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American asked beautiful believe better bless called castle Charioteers church coach comes dinner doubt drive Dunfermline England English enjoyed equal eyes fall feel felt flowers followed fortunate friends gave give given glen grand green ground Hall hand happy head hear heard heart hills horses hundred journey kind king known ladies land learned leave live London look Lord luncheon miles mind Miss morning nature never night once party passed poor pretty Queen race reached remember rest road Scotch Scotland seems seen side song soon sound stand stopped story sure tell things thought thousand tion to-day took town true turn walk wish wonder young
Page 77 - Nature never did betray The heart that loved her; 'tis her privilege, Through all the years of this our life, to lead From joy to joy: for she can so inform The mind that is within us, so impress With quietness and. beauty, and so feed With lofty thoughts, that neither evil tongues, Rash...
Page 93 - One morn I missed him on the customed hill, Along the heath and near his favorite tree; Another came; nor yet beside the rill, Nor up the lawn, nor at the wood was he; "The next with dirges due in sad array Slow through the churchway path we saw him borne. Approach and read (for thou canst read) the lay, Graved on the stone beneath yon aged thorn.
Page 145 - MAY I join the choir invisible Of those immortal dead who live again In minds made better by their presence : live In pulses stirred to generosity, In deeds of daring rectitude, in scorn For miserable aims that end with self. In thoughts sublime that pierce the night like stars, And with their mild persistence urge man's search To vaster issues.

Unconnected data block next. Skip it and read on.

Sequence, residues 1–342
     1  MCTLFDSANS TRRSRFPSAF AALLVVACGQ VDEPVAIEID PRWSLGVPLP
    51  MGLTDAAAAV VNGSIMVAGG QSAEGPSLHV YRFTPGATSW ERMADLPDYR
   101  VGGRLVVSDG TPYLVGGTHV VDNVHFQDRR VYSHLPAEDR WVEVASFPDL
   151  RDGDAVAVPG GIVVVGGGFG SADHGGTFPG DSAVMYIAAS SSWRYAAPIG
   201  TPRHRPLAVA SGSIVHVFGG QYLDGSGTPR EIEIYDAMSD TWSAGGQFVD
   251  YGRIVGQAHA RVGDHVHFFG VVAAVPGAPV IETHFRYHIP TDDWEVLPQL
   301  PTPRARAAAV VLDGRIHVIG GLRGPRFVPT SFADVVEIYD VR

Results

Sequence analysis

Page 145 - May I reach That purest heaven, be to other souls The cup of strength in some great agony, Enkindle generous ardour, feed pure love, Beget the smiles that have no cruelty — Be the sweet presence of a good diffused, And in diffusion ever more intense. So shall I join the choir invisible Whose music is the gladness of the world.
Page 230 - For I have learned To look on nature, not as in the hour Of thoughtless youth; but hearing oftentimes The still sad music of humanity, Nor harsh nor grating, though of ample power To chasten and subdue. And I have felt A presence that disturbs me with the joy Of elevated thoughts; a sense sublime Of something far more deeply interfused, Whose dwelling is the light of setting suns, And the round ocean and...
Page 1 - The sounding cataract Haunted me like a passion ; the tall rock, The mountain, and the deep and gloomy wood, Their colors and their forms were then to me An appetite : a feeling and a love, That had no need of a remoter charm, By thought supplied, nor any interest Unborrowed from the eye.
Page 243 - AWAY, ye gay landscapes, ye gardens of roses ! In you let the minions of luxury rove ; Restore me the rocks, where the snow-flake reposes, Though still they are sacred to freedom and love : Yet, Caledonia, beloved are thy mountains, Round their white summits though elements war ; Though cataracts foam 'stead of smooth-flowing fountains, I sigh for the valley of dark Loch na Garr.
Page 178 - With antique pillars massy proof, And storied windows richly dight, Casting a dim religious light. There let the pealing organ blow To the full-voiced quire below In service high and anthems clear As may with sweetness, through mine ear, Dissolve me into ecstasies, And bring all Heaven before mine eyes.
Page 5 - TO him who in the love of nature holds Communion with her visible forms, she speaks A various language; for his gayer hours She has a voice of gladness, and a smile And eloquence of beauty, and she glides Into his darker musings, with a mild And healing sympathy, that steals away Their sharpness, ere he is aware.